The dry and boney canyon gave way to a canopy of towering sycamores and cottonwoods, and we quickly discovered that beavers have been very active in this canyon, constructing dams about every 50 feet and splitting the stream into dozens of shallow rivulets. We found a flat spot in a dense bosque not far from a meander, and made camp. We had just enough daylight to hack our way upstream to a historic stone cabin. In 2003 the BLM and Forest Service collaborated on an elaborate restoration, completely rebuilding the roof and upper walls and erecting a marker detailing the history of the area.

We were aware that our trail was once a pack trail used to haul wood to the mines in Morenci, but we did not know that much of the hauling was done by Chinese laborers, many of whom settled in this valley when they were summarily dismissed from the mine.

Copper ores in the Clifton area were known to prospectors by the early 19th century, but the area's remote location made them difficult to exploit. Shipping was the principal barrier to volume copper production, and a primary impetus for construction of the Southern Pacific Railroad beginning in 1877 with the aid of Chinese laborers.

When the Chinese began drifting from railroad construction to mining, it ignited fears of a "Mongolian invasion". The owners of Longfellow Copper Mines declared that they would only employ Chinese for "work which neither white men nor Mexicans" would accept. Instead, they would be put to work in the hills burning and transporting charcoal for the furnaces over such rough country that "even Mexicans cannot be got to carry anything over it".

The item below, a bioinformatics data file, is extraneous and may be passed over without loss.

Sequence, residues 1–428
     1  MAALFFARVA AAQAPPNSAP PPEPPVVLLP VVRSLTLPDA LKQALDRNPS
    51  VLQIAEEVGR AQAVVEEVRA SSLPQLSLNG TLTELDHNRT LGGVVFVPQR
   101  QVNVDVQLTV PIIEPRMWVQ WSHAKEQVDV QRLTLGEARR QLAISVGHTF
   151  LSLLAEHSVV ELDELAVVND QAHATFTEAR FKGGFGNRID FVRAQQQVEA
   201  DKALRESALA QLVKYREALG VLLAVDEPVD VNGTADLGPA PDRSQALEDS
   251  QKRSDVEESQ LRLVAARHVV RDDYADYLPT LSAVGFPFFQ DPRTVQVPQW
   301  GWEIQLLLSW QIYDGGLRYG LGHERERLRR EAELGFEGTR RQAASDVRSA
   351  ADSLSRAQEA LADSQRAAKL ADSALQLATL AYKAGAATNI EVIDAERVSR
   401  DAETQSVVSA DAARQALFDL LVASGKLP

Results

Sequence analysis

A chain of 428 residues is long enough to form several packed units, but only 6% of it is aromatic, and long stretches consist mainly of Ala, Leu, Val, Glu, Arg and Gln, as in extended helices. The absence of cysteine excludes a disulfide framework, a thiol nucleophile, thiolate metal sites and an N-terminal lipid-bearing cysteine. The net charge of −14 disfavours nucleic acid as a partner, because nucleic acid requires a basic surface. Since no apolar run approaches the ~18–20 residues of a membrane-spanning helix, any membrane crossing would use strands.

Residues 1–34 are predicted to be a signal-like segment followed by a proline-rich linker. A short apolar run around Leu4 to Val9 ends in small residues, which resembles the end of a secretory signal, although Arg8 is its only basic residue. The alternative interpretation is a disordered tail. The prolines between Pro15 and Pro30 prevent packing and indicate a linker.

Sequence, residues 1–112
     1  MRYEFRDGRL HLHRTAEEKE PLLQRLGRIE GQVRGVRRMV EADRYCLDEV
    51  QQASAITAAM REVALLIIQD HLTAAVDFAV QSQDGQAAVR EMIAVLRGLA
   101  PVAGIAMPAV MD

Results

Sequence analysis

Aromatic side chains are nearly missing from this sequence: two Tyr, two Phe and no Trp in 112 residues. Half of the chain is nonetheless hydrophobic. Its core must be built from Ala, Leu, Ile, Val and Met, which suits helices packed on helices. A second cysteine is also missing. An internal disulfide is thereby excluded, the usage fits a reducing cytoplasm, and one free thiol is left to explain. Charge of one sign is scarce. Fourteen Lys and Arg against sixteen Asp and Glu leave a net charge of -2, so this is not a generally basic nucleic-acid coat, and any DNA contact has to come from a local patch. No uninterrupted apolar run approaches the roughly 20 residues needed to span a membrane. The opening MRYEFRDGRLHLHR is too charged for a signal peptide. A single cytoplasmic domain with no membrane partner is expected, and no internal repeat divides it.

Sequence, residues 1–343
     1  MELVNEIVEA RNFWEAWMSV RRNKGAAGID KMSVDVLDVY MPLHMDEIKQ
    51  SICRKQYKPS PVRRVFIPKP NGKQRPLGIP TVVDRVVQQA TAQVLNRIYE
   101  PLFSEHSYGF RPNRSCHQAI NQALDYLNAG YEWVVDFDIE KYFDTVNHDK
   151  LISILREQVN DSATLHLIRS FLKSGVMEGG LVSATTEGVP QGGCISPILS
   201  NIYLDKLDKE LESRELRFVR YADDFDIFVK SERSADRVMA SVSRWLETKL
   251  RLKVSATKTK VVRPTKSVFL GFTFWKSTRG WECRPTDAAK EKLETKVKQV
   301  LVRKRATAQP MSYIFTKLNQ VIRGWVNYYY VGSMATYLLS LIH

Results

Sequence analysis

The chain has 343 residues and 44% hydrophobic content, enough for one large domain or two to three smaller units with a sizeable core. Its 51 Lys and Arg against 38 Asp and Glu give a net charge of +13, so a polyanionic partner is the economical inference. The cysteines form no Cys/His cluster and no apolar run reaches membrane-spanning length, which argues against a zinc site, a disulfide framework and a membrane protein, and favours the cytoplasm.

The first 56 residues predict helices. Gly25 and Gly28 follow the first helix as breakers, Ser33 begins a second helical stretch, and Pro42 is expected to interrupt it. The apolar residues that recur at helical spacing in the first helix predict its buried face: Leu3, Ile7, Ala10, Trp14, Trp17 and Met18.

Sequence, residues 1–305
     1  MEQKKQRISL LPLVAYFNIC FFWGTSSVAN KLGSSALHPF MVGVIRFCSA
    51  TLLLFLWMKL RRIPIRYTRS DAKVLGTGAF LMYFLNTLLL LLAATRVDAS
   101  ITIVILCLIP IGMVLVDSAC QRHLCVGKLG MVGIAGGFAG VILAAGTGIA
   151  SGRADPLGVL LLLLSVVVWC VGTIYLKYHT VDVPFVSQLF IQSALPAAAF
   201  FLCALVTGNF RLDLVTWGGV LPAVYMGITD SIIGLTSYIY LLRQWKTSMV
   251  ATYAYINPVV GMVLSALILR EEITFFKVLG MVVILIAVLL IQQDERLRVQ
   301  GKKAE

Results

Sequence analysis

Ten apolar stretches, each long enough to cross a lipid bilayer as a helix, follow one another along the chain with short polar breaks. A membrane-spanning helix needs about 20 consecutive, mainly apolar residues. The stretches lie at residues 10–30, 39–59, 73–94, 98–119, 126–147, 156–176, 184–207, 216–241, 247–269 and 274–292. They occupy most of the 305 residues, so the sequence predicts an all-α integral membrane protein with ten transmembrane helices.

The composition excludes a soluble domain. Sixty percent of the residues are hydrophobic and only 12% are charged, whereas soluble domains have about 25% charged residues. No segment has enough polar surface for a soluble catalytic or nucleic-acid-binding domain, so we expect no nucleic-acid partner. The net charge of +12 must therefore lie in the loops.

Under the management of James Colquhoun, the Arizona Copper Company doubled the work force at Clifton to a total of four hundred in 1883, among whom were about one hundred Chinese. Before the end of the year, however, Colquhoun discharged the Chinese, replacing them with Anglo-American and Mexican miners. On their way out of the hills, several of the unfortunate Orientals were waylaid and killed for the money they had scraped together. But, as in many other boom settlements of this period, a large percentage of Chinese driven out of mining and railroad work remained in the community to open businesses.